The Collected Letters, Volume 13


TC TO ALEXANDER CARLYLE ; 13 April 1841; DOI: 10.1215/lt-18410413-TC-AC-01; CL 13: 97-98


Fryston, Ferrybridge, Tuesday [13 April 1841]—

My dear Brother,

Since a penny will carry a Letter anywhither, it seems a pity that I should not tell you I am here, which perhaps you do not otherwise know. I have written to my Mother at Dumfries; but there is no saying whether they would send you any word about it. A Doncaster Newspaper, sent to Jamie, would be enigmatic rather than otherwise if you knew no more. Take one word from me therefore; a word of brotherly affection and remembrance if of nothing other. Poor old Ecclefechan! It is so strange to think of all your simple doings there, in such a whirl of things as this! Poor old Ecclefechan; dear to me, with the kind souls that are there and thereabouts; ever dear to me, go whither I may!

This place is in Yorkshire, in the region of Leeds, Hull and Wakefield; somewhat nearer you than it is to London. It is the Mansion of a young man of fortune, and of Literature withal, an M.P. &c, by name Richard Milnes, whom I have known since we came to live in London, a man whom I greatly like, and who likes me. These people fly all out of Town for some three weeks about this time, to what they call the “Easter holidays.” Being disappointed of Wight in the way you heard, and having still a boundless appetite for the country, Milnes also asking me, and offering as it were to take me, I found I ought to go; and so we bundled off on Monday gone a week by railway, and here I am for the seventh day now. We are a great family, with endless troops of flunkies, large dinners of Lords dames and squires, a most restless whirlpool of a concern; but I have a room of my own, a horse to ride, books to read; the fields are beautiful, the country almost like old Scotland; on the whole, it does me good, in spite of the lords and dinners. I am likely to be here or hereabouts for a week more yet: whither I shall go next is not made out yet; sometimes I think of Annandale, being already half-way or more, but the weather I fear is too cold yet. One thing only is is1 made out: that I do not mean to pass the summer in London; that, with all probability I can hope to see you all before long somehow or other.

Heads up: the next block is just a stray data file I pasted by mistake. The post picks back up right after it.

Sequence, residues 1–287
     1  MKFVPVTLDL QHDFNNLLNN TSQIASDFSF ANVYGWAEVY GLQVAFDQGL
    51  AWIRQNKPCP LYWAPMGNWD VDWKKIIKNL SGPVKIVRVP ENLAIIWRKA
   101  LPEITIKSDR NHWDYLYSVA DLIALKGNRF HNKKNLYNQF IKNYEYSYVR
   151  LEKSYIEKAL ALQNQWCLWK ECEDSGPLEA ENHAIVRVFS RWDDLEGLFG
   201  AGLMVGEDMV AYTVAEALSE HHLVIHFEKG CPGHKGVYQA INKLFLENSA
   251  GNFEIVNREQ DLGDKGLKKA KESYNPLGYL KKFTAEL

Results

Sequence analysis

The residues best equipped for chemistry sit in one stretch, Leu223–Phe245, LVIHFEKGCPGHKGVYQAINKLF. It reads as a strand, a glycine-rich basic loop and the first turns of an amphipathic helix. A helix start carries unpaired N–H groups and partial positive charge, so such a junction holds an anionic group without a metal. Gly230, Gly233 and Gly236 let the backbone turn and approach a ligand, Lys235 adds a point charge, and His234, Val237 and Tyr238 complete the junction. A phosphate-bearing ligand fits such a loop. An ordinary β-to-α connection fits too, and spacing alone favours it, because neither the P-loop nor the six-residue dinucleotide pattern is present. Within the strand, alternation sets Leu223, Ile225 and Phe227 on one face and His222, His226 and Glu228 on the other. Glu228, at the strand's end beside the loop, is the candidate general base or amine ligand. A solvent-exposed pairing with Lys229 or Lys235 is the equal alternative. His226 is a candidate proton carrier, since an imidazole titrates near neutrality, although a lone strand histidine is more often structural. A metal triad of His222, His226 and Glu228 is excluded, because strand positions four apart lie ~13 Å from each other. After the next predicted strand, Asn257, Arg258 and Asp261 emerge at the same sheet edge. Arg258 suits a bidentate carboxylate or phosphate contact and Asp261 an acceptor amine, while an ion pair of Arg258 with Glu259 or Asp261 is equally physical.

Jack was to remove to Richmond, almost close on London and Chelsea, on Saturday last; I have written thither to him, but got no answer yet. A lame arm he had which rather hindered him in writing. He will likely hang about the region he is now in, off and on, for some time yet.

Jamie's Letter about the Farm came just before I left London. Tell him how anxious I am to hear of his success. It must be decided soon. Pray write, one of you, the moment anything is settled. If within a week of this date, send the Letter hither; after that, or indeed at any time, “Chelsea.”

I add not a word, but blessings to one and all of you. Good be ever in you and about you, dear Alick, and all your dear ones!— T. Carlyle

I will contrive to indicate by some Newspaper or the like, which way I go.—“Care of R. M. Milnes Esqr M.P. &c/Fryston/Ferrybridge”